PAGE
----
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  #1  
Old 01-08-2011, 02:58 PM
dvcroket dvcroket is offline
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Changing careers

I work fulltime 5am-2pm M-F at a major national retailer. I've been mowing parttime for about 2 years after I get off work for extra income. The first year I had 6 clients and I now have 15.....all word of mouth. I recently went "legit" by filing my DBA, getting an EIN, etc. I'm currently working on ad's/flyers, business cards, etc. to secure more accounts this spring. Assuming some continued modest growth, I'll be soon be maxed out on the number of clients I can service while being employed elsewhere fulltime. A promotion at my primary job would change my work hours in a way that would not be conducive to continuing the lawn mowing business but would not increase my pay to the extent that I still would not need additional income. I'd prefer to make the lawn business a career. Any advice on making the change from doing this part time to making it a career? I feel relatively confident I can make the business grow but the first step in leaving secure employment with good benefits (particulalry health coverage) is a bit daunting. I assume some of you have faced this dilemma yourselves and may have some wisdom to impart.
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Old 01-09-2011, 12:26 AM
kilgoja kilgoja is offline
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i quit my job making $50k plus a year with benefits this past year....stability is nice but i was miserable working swing shift at an auto factory...2 weeks first shift then 2 weeks second....to me being happier was more important...it comes down to what you really want....i sold my house, my car...downsized quite a bit...in order to live a happier life making less money cutting grass....i would consider $30k a year to be a great year as i'm just a one man operation....obviously i'm just starting out and this will be my first full year in business....so hopefully things should grow...you just have to take steps to get where you want to be...and unfortunately risks are involved with it...anytime you make a career change...you have to adjust things most of the time...but you could end up in the long run making more money than you make now...already seems you have a good start....health insurance is the big one...you just have to take into account that is another bill you will have to add to your current bills....so you may have to drive a cheaper truck or buy a smaller house or make up for that in more accounts...maybe one day we will have free health care lol...who knows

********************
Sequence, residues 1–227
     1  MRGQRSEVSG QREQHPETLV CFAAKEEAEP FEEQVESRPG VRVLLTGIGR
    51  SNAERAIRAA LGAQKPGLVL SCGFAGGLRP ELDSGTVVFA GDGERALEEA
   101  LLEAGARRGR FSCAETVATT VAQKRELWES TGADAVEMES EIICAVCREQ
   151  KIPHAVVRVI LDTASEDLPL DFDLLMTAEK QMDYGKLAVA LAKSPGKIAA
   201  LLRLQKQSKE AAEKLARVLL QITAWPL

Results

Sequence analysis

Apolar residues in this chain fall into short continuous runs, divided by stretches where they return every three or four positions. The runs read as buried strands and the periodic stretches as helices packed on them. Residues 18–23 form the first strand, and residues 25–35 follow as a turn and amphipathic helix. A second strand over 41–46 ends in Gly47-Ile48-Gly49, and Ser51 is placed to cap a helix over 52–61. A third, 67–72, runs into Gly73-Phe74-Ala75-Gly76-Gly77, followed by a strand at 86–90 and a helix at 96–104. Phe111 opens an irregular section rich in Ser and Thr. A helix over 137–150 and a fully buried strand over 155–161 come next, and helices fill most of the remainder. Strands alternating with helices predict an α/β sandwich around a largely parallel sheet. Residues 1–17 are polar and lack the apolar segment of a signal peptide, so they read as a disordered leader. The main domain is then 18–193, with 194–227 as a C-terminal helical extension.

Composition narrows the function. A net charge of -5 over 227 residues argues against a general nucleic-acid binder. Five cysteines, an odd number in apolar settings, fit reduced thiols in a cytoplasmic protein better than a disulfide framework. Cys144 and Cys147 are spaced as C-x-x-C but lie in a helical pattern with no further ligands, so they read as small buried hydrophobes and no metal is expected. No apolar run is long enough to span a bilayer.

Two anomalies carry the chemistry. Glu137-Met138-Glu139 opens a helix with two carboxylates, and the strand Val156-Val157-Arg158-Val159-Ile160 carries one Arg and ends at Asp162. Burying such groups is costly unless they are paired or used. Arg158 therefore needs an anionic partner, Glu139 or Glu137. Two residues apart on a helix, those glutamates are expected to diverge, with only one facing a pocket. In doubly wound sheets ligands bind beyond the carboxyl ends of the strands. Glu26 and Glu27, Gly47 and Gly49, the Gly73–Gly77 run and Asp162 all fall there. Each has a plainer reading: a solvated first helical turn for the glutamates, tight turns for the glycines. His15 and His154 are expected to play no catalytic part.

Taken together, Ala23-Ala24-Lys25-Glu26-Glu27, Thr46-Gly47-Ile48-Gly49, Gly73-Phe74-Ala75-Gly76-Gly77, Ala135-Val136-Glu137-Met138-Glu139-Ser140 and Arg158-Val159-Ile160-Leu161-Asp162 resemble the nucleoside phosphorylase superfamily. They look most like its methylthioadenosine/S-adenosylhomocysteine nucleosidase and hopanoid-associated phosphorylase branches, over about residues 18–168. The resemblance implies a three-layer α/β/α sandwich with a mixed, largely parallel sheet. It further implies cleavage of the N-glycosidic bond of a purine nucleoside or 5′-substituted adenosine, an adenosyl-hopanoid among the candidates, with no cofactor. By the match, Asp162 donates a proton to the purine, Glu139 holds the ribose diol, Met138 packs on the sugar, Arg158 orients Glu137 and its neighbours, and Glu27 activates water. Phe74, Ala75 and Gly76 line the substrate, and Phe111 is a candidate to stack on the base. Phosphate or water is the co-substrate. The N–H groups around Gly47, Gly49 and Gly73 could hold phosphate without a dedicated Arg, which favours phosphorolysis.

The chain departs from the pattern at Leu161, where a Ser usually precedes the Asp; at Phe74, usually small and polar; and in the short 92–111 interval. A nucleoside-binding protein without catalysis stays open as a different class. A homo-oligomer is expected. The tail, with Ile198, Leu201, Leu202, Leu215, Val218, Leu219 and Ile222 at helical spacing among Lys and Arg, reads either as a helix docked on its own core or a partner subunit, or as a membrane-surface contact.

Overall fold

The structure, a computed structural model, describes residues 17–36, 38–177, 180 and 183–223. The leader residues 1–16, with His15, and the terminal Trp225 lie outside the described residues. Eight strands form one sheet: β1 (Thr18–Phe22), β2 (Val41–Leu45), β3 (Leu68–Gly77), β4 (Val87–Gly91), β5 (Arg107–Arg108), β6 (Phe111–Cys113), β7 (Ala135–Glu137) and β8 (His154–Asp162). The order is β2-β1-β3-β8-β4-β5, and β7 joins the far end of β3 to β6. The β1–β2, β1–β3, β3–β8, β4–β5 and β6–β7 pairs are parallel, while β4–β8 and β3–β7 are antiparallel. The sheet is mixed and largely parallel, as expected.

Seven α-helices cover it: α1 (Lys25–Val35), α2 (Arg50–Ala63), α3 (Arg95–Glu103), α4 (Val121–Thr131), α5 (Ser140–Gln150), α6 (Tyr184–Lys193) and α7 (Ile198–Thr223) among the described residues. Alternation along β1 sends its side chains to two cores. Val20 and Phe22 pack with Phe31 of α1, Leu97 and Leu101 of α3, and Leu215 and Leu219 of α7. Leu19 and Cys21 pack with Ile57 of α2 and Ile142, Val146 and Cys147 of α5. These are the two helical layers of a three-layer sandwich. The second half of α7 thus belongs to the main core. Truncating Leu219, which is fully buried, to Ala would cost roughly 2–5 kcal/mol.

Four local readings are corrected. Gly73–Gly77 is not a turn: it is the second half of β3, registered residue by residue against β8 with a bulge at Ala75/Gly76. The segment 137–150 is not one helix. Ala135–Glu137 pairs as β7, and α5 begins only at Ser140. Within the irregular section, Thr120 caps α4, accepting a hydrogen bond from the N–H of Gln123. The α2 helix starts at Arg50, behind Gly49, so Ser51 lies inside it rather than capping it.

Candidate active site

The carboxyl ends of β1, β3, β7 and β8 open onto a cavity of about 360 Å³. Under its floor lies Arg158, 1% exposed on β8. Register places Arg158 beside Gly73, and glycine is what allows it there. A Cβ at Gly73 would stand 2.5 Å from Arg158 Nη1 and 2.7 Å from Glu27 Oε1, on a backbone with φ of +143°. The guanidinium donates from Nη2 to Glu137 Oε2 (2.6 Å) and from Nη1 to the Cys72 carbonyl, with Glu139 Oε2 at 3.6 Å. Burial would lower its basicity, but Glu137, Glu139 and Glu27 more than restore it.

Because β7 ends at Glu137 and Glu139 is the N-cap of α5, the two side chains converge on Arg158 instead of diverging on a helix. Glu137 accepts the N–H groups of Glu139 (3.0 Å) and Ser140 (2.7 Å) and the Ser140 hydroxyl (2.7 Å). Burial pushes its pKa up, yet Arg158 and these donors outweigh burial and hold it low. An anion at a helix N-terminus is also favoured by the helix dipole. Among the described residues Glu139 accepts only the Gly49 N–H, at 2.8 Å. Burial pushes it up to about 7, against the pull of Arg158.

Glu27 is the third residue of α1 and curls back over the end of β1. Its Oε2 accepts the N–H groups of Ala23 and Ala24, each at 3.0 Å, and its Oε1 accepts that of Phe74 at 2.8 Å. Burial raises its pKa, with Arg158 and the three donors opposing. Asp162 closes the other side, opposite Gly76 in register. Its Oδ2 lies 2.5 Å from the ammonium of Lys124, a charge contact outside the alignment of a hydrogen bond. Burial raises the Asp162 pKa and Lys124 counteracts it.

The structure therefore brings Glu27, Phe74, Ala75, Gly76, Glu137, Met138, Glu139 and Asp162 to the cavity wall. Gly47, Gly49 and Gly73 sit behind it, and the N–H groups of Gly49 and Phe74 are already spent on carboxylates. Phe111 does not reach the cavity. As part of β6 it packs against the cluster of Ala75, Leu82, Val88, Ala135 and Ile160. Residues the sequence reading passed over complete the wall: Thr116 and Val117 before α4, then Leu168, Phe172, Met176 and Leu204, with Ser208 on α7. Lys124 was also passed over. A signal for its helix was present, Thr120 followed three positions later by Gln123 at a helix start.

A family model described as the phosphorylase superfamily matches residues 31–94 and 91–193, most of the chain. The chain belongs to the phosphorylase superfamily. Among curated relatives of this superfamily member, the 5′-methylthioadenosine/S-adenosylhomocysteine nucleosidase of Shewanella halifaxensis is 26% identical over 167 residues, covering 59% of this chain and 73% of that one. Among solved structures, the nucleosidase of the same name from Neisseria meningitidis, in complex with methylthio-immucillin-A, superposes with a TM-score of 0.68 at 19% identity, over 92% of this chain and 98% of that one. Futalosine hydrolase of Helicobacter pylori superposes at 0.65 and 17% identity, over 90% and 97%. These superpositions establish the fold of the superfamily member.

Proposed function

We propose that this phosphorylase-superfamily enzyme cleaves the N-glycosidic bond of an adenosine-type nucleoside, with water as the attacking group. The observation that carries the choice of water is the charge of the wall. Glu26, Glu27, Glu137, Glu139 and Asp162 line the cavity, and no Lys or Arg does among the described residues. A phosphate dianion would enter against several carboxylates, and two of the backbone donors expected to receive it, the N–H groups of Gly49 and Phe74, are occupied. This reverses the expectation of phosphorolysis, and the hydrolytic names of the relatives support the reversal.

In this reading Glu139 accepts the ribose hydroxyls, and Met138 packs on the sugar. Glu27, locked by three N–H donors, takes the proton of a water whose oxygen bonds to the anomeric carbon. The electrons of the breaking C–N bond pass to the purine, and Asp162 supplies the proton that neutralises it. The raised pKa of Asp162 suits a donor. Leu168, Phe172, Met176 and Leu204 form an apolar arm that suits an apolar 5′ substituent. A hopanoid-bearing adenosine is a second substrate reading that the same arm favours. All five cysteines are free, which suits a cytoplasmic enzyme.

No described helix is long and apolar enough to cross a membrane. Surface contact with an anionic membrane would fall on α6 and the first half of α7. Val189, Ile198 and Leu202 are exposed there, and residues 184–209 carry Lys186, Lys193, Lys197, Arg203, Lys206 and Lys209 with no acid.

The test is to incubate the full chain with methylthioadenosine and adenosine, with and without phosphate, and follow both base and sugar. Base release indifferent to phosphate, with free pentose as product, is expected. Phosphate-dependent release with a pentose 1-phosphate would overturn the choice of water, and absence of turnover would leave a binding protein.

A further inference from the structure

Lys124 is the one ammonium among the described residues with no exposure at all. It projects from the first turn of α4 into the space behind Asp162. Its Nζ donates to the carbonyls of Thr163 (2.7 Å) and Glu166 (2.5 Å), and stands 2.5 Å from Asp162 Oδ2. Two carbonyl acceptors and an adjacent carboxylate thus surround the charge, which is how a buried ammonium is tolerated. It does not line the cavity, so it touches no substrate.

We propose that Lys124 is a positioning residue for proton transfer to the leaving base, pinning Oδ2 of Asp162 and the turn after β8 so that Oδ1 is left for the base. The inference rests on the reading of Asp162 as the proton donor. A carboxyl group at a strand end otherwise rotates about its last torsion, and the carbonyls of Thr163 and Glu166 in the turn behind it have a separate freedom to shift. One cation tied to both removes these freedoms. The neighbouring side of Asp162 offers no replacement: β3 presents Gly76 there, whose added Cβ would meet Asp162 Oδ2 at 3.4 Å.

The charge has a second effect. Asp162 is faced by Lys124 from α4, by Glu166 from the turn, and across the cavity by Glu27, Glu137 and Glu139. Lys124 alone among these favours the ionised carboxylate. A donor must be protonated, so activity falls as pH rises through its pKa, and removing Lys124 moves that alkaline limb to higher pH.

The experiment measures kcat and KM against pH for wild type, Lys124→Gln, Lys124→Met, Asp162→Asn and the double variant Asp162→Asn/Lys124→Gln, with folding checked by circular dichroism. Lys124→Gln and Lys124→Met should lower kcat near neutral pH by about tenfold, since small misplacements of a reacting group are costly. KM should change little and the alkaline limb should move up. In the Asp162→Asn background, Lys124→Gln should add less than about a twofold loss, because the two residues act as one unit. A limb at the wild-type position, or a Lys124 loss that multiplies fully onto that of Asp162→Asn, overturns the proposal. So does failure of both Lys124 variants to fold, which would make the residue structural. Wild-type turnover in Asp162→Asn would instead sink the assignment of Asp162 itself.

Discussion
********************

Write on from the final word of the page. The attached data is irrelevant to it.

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Old 01-09-2011, 04:34 PM
Hell on Blades Hell on Blades is offline
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Quote:
Originally Posted by dvcroket View Post